The Threshold: Acceptance

Most of my life (being 6’4” with long hair and a goatee, and a habit of wearing biker jackets and combat boots) I was well accustomed to being judged before people know me.  When I was leading the band I worked for into a club at night, my carefully crafted frown did a good job of making me seem mean.  Once I smile, though, it’s clear that I’m a softie.

One of the most appealing things about Buddhism to me, when I started out, was that it is, I was taught, a tradition that allegedly was very open and receptive, regardless of your conditions or conditioning.  In my day job, I’m fortunate to travel all over the country and beyond, and during my travels I make a point to seek out and visit Buddhist Sanghas in different locations.

During one of my favorite visits I met a very tech savvy girl, Gina, with whom I had been communicating about visiting her Sangha.  She was incredibly responsive and helpful, communicating with me instantly by email and text, giving me digital directions, and online calendar dates.  When I arrived at her house, where the Sangha met, I knocked on the door expecting to meet maybe a hipster twenty-something.  Instead a lovely elderly woman, whom I judged to be her grandmother, greeted me with a warm hug and invited me in without hesitation.  (Again, I was dressed in a black hoodie, and I towered over her.  I wouldn’t invite me in if I were her!)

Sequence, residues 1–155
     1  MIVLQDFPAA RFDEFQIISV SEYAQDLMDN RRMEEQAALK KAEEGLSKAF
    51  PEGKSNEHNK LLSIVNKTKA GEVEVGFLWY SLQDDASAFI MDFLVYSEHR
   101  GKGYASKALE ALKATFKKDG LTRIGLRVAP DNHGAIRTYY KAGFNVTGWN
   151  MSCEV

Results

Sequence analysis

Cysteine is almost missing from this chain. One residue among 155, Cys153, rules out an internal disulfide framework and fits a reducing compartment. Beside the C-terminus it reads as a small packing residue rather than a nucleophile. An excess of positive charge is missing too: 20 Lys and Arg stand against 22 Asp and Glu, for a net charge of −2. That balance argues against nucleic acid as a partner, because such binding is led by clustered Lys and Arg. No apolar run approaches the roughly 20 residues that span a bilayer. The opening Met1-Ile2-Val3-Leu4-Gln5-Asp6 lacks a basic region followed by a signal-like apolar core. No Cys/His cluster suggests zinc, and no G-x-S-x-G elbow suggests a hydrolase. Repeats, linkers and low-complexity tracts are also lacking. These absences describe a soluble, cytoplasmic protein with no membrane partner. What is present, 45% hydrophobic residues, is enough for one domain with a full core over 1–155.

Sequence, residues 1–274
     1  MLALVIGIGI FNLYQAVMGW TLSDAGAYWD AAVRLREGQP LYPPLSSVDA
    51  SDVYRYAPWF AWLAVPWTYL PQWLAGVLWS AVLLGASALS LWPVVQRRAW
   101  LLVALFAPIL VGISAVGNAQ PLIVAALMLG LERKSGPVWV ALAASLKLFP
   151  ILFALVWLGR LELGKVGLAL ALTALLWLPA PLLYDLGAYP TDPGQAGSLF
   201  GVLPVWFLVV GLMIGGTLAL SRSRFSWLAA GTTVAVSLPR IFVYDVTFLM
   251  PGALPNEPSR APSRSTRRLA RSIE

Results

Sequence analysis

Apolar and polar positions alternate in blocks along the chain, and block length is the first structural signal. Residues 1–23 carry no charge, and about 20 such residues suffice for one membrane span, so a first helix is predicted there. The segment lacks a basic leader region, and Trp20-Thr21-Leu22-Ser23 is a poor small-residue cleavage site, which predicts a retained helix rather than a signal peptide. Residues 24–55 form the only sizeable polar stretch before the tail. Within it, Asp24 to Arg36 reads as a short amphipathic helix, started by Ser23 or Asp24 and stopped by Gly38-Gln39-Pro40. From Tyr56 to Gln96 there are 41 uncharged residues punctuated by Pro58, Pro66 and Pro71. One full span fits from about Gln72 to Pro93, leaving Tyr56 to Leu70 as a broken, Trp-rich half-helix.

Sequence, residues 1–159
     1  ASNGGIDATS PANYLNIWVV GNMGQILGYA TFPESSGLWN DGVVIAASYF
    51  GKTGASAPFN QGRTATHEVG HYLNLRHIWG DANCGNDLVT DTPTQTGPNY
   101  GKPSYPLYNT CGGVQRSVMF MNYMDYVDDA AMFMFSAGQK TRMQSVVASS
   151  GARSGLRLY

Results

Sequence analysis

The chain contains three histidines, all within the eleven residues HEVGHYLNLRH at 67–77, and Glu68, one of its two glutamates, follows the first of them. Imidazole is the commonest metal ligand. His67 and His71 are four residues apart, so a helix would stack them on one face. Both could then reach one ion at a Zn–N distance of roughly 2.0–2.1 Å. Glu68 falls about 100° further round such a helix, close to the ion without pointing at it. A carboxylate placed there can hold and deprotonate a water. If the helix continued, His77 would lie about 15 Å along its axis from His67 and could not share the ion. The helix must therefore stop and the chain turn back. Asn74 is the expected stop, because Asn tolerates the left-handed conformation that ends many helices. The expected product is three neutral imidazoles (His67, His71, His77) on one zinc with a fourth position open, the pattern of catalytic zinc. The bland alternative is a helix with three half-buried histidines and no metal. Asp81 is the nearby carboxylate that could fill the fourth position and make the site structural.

She, it turns out, was Gina.  Sweet, warm, welcoming, tech savvy, 89 year old Gina.  And it happened to be her 90th birthday.  The Sangha all welcomed me and made me feel like a celebrity, while managing not to take anything away from Gina’s celebration.  And I learned something about letting go of my own preconceived notions.

The best visit for me was the Honey Locust Sangha in Omaha.  Mike McMahon there became sort of a mentor to me in the art of Sangha Building.  Mike taught me, with regard to trying to “build a Sangha”, that the best thing I could do was to Let Go.  Let go of the idea of “BUILDING A SANGHA” and just let it grow.

Letting go…. this image of opening your hands (and mind and heart) and releasing whatever ideas and notions you are grasping…. it leaves you with an open receptive hand… it’s really just another way of saying Acceptance.  When we come to this congregation I know my family is welcomed, however we show up.

When I lead the meditation group at UUCG each week, I try to hold these experiences in my heart-mind and practice acceptance for whomever – however – they show up, crossing our threshold.

George Beecher

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